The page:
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<i>"If a free society can't help the many who are poor, it cannot save the few who are rich." — the inaugural address of John F. Kennedy, January 20, 1961.</i>

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For too long, community leaders looked the other way while Santa Rosa was becoming a city divided between those who have more and those who have less, between those who have access to local government and those who do not. Issues of income, ethnicity and class are never easy, and so the path of least resistance led to less difficult issues.

Last week, community leaders learned what happens in a city where tens of thousands of people feel ignored and disrespected.

After a 13-year-old Latino boy was shot and killed by a sheriff's deputy, there was no reservoir of trust and understanding to help the community navigate the confusion, grief and anger.

For many, the death of Andy Lopez becomes only the latest reminder that the city's leaders didn't want to listen to their concerns, or otherwise acknowledge the changes all around us.

People will continue to disagree about whether the shooting could have been avoided. The youngster was carrying a BB gun designed to look like an assault rifle, and investigators say the deputy mistook the BB gun for the real thing. These arguments will go on for a very long time.

But we can hope that the shooting and its aftermath become a moment in which Santa Rosa leaders move beyond the drift and inertia of recent years.

It's in nobody's best interest that there are two Santa Rosas — one east and one west, one enjoying the best of what California has to offer and the other struggling to survive.

Unfortunately, the first response from City Hall only made the week more dispiriting. City Council members said they couldn't speak to their city's grief and pain because the city manager and city attorney instructed them to keep quiet.

At a moment when leadership was critical, the city's elected representatives were silent. (One may ask, what's the purpose of an elected council if it is willing to cede its authority to others?)

Members of the Sonoma County Board of Supervisors managed to speak actual words and to attend Andy Lopez's funeral, but this seems to have been too much to ask of the City Council.

Yes, communities all over the world struggle with issues of class, income, race and ethnicity.

But it's not smart for city leaders to sit on the sidelines. They can do better. We all can do better.

It's not OK that west Santa Rosa continues to be a hodgepodge of incorporated and unincorporated areas, some with city improvements, some unimproved and neglected.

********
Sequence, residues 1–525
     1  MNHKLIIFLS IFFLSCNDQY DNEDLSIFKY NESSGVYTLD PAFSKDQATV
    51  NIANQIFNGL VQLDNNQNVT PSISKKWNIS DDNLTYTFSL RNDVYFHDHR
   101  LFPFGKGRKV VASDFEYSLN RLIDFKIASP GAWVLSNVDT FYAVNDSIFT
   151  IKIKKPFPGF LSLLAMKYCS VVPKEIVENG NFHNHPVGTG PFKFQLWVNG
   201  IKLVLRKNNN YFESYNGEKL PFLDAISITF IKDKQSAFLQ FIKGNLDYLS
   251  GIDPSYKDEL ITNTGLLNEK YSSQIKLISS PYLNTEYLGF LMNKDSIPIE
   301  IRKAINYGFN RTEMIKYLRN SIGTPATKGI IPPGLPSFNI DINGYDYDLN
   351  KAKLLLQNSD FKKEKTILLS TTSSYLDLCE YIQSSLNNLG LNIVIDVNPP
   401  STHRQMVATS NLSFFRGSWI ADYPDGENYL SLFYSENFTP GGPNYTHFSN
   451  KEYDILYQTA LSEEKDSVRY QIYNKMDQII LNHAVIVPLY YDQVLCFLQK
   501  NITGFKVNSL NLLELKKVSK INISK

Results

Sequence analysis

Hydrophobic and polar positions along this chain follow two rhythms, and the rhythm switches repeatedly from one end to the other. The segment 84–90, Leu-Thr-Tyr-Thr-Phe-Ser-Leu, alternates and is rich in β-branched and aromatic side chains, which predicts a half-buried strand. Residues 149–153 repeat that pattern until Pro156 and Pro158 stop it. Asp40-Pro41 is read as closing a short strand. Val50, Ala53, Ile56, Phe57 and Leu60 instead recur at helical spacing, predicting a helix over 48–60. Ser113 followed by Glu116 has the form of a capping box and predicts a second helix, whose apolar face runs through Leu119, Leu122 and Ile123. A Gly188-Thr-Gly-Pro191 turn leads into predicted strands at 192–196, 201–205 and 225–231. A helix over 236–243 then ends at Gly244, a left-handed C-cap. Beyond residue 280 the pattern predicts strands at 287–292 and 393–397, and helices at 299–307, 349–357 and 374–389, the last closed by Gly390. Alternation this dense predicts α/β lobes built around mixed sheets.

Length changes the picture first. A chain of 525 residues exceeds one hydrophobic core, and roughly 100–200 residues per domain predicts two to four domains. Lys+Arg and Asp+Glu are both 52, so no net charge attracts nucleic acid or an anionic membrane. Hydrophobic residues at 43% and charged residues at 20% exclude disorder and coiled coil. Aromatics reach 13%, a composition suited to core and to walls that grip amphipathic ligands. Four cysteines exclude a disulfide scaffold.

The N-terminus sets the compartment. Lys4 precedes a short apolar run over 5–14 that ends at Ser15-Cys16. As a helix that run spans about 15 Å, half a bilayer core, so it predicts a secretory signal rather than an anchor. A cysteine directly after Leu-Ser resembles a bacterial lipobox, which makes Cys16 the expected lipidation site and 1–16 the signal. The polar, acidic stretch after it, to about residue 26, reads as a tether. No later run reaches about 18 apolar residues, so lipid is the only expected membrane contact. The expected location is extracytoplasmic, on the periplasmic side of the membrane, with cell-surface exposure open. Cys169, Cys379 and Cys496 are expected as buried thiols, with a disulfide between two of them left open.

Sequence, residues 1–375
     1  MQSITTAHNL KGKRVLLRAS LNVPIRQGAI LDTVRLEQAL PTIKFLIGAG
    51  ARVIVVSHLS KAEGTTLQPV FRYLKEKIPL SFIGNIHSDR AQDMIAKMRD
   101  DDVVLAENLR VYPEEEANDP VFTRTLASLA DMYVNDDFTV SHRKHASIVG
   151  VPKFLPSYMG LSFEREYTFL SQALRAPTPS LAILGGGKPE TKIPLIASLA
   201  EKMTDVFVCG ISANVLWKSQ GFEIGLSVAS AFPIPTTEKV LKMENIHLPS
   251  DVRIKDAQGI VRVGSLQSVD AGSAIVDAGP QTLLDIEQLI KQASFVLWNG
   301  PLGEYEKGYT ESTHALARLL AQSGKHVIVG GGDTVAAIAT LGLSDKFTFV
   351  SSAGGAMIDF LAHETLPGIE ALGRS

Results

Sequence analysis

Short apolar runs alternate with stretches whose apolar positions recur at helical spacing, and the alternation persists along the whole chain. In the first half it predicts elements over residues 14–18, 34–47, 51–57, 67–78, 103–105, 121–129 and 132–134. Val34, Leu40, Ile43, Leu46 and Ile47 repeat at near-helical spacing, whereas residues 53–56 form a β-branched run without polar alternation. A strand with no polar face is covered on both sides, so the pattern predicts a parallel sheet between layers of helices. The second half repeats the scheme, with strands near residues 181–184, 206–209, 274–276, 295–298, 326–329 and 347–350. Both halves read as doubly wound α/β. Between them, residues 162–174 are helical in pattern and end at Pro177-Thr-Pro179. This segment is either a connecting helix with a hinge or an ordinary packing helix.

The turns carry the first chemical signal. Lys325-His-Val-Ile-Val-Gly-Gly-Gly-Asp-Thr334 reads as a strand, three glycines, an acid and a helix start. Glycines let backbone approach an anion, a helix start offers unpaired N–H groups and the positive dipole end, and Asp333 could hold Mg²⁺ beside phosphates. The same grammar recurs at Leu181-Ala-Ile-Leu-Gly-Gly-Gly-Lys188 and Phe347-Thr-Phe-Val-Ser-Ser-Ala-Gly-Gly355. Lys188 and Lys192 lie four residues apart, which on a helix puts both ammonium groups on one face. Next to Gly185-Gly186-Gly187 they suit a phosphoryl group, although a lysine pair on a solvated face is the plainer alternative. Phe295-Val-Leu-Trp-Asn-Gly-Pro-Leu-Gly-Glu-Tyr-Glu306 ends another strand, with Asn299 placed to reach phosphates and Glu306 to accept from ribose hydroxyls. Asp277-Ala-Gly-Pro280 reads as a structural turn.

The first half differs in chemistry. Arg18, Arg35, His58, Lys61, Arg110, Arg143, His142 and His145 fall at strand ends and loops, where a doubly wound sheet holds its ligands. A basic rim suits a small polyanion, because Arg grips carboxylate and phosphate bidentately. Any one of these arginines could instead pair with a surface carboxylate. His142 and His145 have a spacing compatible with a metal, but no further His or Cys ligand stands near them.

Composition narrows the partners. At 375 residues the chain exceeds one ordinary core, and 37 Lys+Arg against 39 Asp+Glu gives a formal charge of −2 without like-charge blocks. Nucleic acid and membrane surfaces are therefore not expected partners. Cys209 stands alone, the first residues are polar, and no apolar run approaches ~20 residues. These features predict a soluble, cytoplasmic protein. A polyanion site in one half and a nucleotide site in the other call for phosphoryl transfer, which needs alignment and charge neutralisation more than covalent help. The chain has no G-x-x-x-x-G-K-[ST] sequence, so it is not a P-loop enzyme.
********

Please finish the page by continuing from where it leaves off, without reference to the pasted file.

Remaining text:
And it's not OK that after 20years of talking, the city has done almost nothing to increase west Santa Rosa's representation in city government.

Two years ago, the council appointed a Charter Review Committee that was supposed to find a solution to these historic inequities. What happened? Three-quarters of the appointees were residents of the same exclusive, northeast neighborhoods that have always dominated city government. Anyone with an ounce of self-awareness would have been embarrassed.

In 19 days, Americans will observe the 50th anniversary of the assassination of John Kennedy. Kennedy was outspoken in urging Americans to find ways to help the poor and disadvantaged.

In recent years, those ideals seemed to have faded into the background. Rightly or wrongly, politicians have decided that voters don't want to hear about it.

In Democratic and supposedly liberal Sonoma County, political leaders expend their time and energy debating big-box stores, public pensions, bike lanes and more.

Folks living on the margins, kids dropping out of school, the multiple disparities that exist from one neighborhood to the next? Not so much.

Compassion and a sense of justice should motivate us to do better. But this is not just about compassion and justice.

In his inaugural address, John Kennedy, who would become a revered figure among Democrats, reminded us that we're all here together.

A community where tens of thousand of people don't have hope for a better future soon becomes a place with more social ills than can be listed here.

In that way, efforts to build trust, respect and a better life for every neighborhood in Santa Rosa become a simple recognition of our mutual self-interest.

In the anger, suspicion and distrust of the past week, we are reminded that indifference is not an option. Yes, there will always be haves and have-nots, and there will be tragedies that we cannot explain.

But we can make a difference, if it's important to us. If not, we only have ourselves to blame.

<i>Pete Golis is a columnist for The Press Democrat. Email him at golispd@gmail.com.</i>